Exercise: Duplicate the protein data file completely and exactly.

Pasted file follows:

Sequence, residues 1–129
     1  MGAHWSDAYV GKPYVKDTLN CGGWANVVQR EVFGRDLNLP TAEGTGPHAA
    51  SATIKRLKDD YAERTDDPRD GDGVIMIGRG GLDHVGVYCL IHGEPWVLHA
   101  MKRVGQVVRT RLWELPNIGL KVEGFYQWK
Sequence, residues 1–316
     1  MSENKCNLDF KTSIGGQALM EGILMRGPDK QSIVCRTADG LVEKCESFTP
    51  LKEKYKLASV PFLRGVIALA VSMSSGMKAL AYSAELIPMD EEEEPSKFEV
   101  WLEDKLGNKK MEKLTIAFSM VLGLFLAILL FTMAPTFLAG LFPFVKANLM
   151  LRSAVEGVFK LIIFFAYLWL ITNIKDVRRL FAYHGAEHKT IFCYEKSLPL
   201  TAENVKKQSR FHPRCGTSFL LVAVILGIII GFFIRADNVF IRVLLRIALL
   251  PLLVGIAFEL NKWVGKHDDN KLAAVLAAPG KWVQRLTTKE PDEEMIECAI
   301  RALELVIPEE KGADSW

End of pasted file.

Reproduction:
Sequence, residues 1–129
     1  MGAHWSDAYV GKPYVKDTLN CGGWANVVQR EVFGRDLNLP TAEGTGPHAA
    51  SATIKRLKDD YAERTDDPRD GDGVIMIGRG GLDHVGVYCL IHGEPWVLHA
   101  MKRVGQVVRT RLWELPNIGL KVEGFYQWK
Sequence, residues 1–316
     1  MSENKCNLDF KTSIGGQALM EGILMRGPDK QSIVCRTADG LVEKCESFTP
    51  LKEKYKLASV PFLRGVIALA VSMSSGMKAL AYSAELIPMD EEEEPSKFEV
   101  WLEDKLGNKK MEKLTIAFSM VLGLFLAILL FTMAPTFLAG LFPFVKANLM
   151  LRSAVEGVFK LIIFFAYLWL ITNIKDVRRL FAYHGAEHKT IFCYEKSLPL
   201  TAENVKKQSR FHPRCGTSFL LVAVILGIII GFFIRADNVF IRVLLRIALL
   251  PLLVGIAFEL NKWVGKHDDN KLAAVLAAPG KWVQRLTTKE PDEEMIECAI
   301  RALELVIPEE KGADSW